From the latest statistics, video gaming has emerged from the darkened bedrooms of youngsters to become a significant player in the entertainment industry across the world. Recent figures released by the Entertainment Retailers Association (ERA) in the U.K. showed that Britain’s video games sector is now bigger, in cash terms, than both music and home video combined. What’s more, this picture echoes around the world, with video games going from strength to strength on smartphones, consoles and personal computers.
The U.K. games industry is worth more than £3.86 billion ($4.85 billion in USD), according to estimates by the ERA. These numbers are even more remarkable by the fact that much of this income derives from only three main games. FIFA 19, Red Dead Redemption 2 and Call of Duty: Black Ops 4 dominate the market, with each game selling more than a million units in 2018. Of course, these figures don’t include the huge range of free mobile app games such as Fortnite, which more than 200 million people play across the globe. In-app purchases in this kind of free game are a significant growth opportunity by many developers.
UKIE put the figures even higher, estimating the U.K. games market to be worth £5.11 billion. That comprises £3.56 billion in software and £1.43 billion in hardware. Game culture, which includes merchandising, books, events and movies, adds a further £117 million.
Games market analyst Newzoo predicts the same phenomenal growth across the world, with total games market estimated to grow from $137.9 billion in 2018 to $180.1 billion in 2021. The driving force behind the growth is mobile gaming, with smartphones and tablets passing consoles and PCs for the first time in 2018 as well as $70.3 billion in sales accounting for 51 percent of the worldwide total. Console games took $34.6 billion (25 percent) while PC games earned $32.9 billion (24 percent). That represents a growth of 25 percent in 2017, and this growth shows no sign of stopping, with annual compound growth of over 10 percent predicted for the next few years.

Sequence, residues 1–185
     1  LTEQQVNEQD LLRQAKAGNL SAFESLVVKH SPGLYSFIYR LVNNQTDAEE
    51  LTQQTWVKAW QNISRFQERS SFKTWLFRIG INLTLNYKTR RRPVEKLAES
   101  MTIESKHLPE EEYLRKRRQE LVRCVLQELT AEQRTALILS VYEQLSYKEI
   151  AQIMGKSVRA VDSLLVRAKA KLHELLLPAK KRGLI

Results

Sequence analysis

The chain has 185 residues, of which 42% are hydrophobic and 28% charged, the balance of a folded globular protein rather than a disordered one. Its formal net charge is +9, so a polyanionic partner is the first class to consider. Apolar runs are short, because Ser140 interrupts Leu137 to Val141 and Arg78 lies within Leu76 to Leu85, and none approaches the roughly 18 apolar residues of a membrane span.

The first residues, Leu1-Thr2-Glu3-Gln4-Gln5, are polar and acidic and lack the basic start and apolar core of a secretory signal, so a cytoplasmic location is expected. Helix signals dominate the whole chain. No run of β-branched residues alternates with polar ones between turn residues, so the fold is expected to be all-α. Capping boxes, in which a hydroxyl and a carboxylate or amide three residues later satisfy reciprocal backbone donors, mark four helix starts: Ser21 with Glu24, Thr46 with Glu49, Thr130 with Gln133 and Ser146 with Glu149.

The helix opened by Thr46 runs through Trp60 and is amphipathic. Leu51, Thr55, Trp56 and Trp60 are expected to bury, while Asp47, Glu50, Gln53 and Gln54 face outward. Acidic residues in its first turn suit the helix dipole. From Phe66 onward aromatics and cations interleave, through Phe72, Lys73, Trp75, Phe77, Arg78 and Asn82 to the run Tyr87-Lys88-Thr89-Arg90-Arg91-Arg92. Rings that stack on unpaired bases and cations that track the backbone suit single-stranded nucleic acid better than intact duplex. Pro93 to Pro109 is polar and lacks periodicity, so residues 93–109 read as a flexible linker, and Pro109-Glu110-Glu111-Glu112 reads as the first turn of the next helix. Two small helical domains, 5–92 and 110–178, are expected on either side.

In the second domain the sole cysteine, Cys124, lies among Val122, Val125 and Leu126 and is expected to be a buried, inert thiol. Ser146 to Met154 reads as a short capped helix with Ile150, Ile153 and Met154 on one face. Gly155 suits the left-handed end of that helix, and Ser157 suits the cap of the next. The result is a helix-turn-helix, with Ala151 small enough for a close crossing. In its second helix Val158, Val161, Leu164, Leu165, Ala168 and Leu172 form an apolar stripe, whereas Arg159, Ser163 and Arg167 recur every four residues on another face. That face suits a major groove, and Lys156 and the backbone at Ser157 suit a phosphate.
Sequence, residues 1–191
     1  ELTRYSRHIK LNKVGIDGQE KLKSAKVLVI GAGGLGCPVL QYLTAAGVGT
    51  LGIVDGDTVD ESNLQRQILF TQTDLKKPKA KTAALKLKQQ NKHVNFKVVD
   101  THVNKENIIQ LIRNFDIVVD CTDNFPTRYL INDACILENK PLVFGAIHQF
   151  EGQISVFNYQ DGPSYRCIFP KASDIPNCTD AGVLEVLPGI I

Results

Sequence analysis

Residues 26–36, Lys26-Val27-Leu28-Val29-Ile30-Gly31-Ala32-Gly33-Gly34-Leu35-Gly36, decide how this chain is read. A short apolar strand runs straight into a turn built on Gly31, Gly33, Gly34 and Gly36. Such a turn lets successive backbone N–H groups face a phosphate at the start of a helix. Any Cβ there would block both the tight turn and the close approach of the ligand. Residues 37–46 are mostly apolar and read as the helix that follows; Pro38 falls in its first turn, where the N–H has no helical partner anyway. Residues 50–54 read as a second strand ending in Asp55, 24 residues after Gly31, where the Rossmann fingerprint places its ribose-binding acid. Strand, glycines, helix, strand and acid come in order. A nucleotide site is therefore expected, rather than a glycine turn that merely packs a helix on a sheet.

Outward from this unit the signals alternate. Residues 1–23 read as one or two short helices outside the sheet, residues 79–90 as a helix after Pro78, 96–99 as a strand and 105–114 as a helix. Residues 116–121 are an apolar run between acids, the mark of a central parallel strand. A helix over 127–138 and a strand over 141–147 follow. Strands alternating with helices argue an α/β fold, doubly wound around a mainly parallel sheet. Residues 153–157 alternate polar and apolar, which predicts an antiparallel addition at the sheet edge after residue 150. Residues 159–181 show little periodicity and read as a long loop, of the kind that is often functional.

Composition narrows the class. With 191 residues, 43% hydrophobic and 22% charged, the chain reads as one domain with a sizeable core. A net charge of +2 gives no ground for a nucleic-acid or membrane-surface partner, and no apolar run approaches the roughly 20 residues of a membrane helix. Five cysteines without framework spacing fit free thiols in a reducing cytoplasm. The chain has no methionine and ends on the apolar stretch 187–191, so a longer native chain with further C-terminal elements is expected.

Globally, China dominates the games market with 28 percent of all spending, followed by the U.S. and Japan. However, the Japanese spend more per person than any other country, outspending Americans by half as much again and spending two and a half times as much as Europeans. Together, the Asia/Pacific market accounts for more than half of all gaming spend worldwide.
A Move Away from Owning Music
Part of the reason for gaming surging past other forms of entertainment is the change in the way we consume music. In the U.K., CD sales fell 9.6 million year on year while in the U.S., CD sales have dropped 80 percent in the last 10 years, from 450 million a year to only 89 million. Two of the recordings up for a GRAMMY for Album of the Year — “HER” and “Invasion of Privacy” — never even released on CD this year.
In Britain alone, 91 billion tracks played on streaming services such as Spotify. That accounts for 63.6 percent of all music consumption. Similar figures are seen around the world as the need to physically own music fades out like the end of an album.
Of course, gaming can also mean gambling, and this market is also seeing incredible growth across the world. Statista estimates the worldwide gambling market to be almost as big as the gaming market at around $51.96 billion, with the market predicted to reach $73.45 billion by 2024. That represents a growth of over 40 percent in only a few years.
Once again, this growth has been fueled by mobile gaming, with a significant number of online casinos and poker rooms now offering gambling apps on smartphones that are easy to use and fun to play. These allow the casual player to enjoy a few hands of poker on the train or spin the roulette wheel on their lunch break without needing access to their PC or having to dress up to visit a casino.
A New Era
Experts estimate that there are now 2.3 billion gamers across the world. That means three out of 10 of the entire population of the planet now play video games, apps and online gaming. The industry is no longer only a niche market for nerds, as it is a leading global business, forcing the entertainment industry to rethink its priorities. Such can only be good news for gamers, as more investment leads to more innovation and an even better gaming experience.